Every time there is a modern business is discussed, the issue of a challenging environment is first on the agenda. Modern business is synonymous with a challenging environment. Theories, rules and trends that have been the backbone of business have become if not less effective, almost obsolete altogether. Today’s business environment is just changing so fast and so unpredictable that one has to decipher it from different angles and viewpoints.
Modern Business: A Challenging Environment
The conventional no longer holds true for modern business. There is a new set of rules to be followed or observed if one wants to keep up in a challenging environment. There is a tension on big companies to be big in some areas but to be small and nimble in other areas. There is a tension on business or organizations to centralize and at the same time to decentralize. There is also that desirability to be a leader in a chosen field or market and to be a follower. There is that need to be a team player and the need to be an individual.
What is essentially needed in this kind of scenario is fresh thinking. A challenging environment necessitates different kinds of rules as the players in the business arena transform themselves into different roles depending on what kind and level of business transaction they are into. A case in point is outsourcing or sub-contracting. Years ago only manufacturers went into outsourcing or sub-contracting for the reason of economies of scale. It was impractical for the manufacturing sector to construct a factory for every component of its product, hence the outsourcing. Today, however, practically everything is being outsourced: maintenance, repairs, customer service, marketing, even research and development. This calls for a new set of rules to help business or organizations. Strategic planning then needs to identify or formulate certain rules in order to assure they can be up for the challenge of change.
Change as part of a Challenging Environment
Change is part and parcel of a challenging environment. History tells us that the dinosaurs became extinct not because there was no longer a place to roam around or that food had become scarce. Dinosaurs became extinct because they cannot adopt to change. They were wired differently than the rest of the animal kingdom. The same is true in modern business. Adopt a dinosaur mentality and you go to the history books.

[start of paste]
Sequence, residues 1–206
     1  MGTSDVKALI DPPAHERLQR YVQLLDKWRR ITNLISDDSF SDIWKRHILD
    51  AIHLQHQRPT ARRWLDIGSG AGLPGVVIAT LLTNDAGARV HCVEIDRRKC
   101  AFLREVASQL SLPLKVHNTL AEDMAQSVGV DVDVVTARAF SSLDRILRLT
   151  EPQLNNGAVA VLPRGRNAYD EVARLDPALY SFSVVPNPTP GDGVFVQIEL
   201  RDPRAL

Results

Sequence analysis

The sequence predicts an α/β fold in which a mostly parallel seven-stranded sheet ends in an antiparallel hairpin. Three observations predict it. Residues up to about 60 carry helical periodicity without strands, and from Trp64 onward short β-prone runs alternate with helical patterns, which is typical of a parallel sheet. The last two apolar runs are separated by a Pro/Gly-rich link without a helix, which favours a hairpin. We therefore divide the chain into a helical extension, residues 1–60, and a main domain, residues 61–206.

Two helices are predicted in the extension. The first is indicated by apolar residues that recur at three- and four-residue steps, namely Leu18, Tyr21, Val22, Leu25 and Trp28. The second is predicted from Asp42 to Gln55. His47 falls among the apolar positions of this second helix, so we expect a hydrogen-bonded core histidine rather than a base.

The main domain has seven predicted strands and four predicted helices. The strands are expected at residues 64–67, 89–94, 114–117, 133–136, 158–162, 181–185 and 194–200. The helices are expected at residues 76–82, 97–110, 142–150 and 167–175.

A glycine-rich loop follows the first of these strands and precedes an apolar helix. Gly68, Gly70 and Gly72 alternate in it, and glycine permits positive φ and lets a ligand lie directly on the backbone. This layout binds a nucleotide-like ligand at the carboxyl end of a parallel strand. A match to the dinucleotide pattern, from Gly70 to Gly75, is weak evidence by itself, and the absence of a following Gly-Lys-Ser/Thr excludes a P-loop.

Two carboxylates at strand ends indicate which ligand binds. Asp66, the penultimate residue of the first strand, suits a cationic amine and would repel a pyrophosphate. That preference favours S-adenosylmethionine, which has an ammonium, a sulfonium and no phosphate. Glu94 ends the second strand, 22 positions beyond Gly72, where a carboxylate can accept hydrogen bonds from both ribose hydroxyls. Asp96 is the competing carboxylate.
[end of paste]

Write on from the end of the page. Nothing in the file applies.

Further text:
Modern business has become one big global arena. A change in one part of the world affects all the others in this one big global arena. A very solid example is the rise and fall of the value of the U.S. dollar. Exports from the U.S. rise in value, exports to the U.S. rise in value. But imports from the U.S. also rise in its value, affecting the cost structure of many economies that use the currency in its daily transactions.
Modern business is a collection of changing structures. The big companies that have taken pride in their sheer size and resources have adapted to a challenging environment by restructuring itself for smallness. Small and medium-sized companies have also adapted to a challenging environment by reinventing itself into smaller units to provoke fresh thinking and so outsmart the competition.
Entire markets have been taken over by small companies from the bigger ones, simply because the smaller companies were able to provide fresh insight and act on in at blinding speeds. Strategic planning then should adopt well with change by providing fresh thinking and designing systems that deliver at blinding speed for the business or organization.
Chaos as part of a Challenging Environment
Chaos is also an integral part of a challenging environment. It is a kind of chaos that is unusual, it is both manageable and it is also unwieldy. It can be beneficial and it can be destructive to the business or organization. Today, since everything has been practically outsourced there is chaos in the business environment. Business or organizations that have outsourced partners are in for a chaotic but mutually beneficial relationship.